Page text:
The Impact of Building Design on Evacuation of Persons withDisabilities
Individuals with disabilities represent a significant, although often overlooked, portion of the population in emergency evacuations from buildings. Americans with Disabilities Act guidelines require that provisions for accessible evacuation or exit must be made; however, failures in meeting the evacuation needs of individuals with disabilities continue to occur (Christensen et. al., 2007). These failures may be attributed to evacuation policy and planning that emphasizes helping an individual with disabilities adjust to the environment, rather than adjusting the environment to accommodate the individual (Hahn, 1985). During evacuations, it is the design of the environment that creates the majority of evacuation barriers. For individuals with disabilities, their families, and service providers, it is important to evaluate environments for clear and easy movement to safety during emergencies. Universal Design is a useful tool for evaluating and designing buildings to better support the emergency evacuation needs of individuals with disabilities. Universal Design is an approach to make buildings usable by the broadest group of users possible, and is based on seven design principles: equitable use, flexibility in use, simple and intuitive, perceptible information, tolerance for error, low physical effort, and size and space for approach and use (Story et. al., 1998). The list of suggestions in this article incorporates Universal Design principles and can be used by individuals, their families, and service providers to evaluate buildings for clarity and ease of movement to safety during times of emergencies.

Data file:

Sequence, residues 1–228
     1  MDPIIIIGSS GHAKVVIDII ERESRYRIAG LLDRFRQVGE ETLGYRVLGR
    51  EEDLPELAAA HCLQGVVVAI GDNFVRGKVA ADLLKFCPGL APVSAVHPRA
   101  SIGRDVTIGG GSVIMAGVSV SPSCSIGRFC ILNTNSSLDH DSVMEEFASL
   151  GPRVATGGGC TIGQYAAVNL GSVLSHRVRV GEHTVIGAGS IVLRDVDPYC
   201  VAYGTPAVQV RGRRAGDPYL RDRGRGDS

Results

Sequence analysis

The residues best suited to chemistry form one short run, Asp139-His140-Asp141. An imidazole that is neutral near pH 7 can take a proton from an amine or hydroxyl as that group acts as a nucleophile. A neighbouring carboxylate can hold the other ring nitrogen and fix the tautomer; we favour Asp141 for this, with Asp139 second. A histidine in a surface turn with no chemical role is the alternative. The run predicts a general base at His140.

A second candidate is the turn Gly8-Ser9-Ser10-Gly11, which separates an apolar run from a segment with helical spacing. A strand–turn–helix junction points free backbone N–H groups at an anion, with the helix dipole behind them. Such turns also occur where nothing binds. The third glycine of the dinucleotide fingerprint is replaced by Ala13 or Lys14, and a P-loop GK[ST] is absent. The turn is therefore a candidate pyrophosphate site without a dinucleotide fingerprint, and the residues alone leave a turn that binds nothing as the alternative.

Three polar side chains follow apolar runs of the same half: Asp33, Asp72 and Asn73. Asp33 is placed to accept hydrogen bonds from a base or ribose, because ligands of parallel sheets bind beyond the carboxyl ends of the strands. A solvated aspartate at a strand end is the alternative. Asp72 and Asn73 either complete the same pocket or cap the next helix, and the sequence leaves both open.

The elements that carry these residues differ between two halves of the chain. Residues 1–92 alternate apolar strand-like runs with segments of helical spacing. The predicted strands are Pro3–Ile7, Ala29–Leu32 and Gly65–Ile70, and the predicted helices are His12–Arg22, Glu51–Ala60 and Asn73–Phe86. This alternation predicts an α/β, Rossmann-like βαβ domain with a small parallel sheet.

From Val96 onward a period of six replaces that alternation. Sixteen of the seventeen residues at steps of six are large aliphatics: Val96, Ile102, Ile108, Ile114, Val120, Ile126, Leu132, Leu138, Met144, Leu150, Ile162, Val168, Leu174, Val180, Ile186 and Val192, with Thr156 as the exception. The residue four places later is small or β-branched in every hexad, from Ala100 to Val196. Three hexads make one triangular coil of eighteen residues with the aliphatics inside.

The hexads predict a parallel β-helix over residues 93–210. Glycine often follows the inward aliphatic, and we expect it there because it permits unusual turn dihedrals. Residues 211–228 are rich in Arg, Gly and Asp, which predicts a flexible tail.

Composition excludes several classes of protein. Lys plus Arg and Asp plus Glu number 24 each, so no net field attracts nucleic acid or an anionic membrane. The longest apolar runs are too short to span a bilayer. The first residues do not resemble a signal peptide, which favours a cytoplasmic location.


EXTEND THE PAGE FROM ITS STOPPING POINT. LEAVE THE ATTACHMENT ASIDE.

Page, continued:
2007 Christensen, K.M., & Salmi, P. The Impact of Building Design on Evacuation of Persons with Disabilities. Impact, 20(1); 20-21.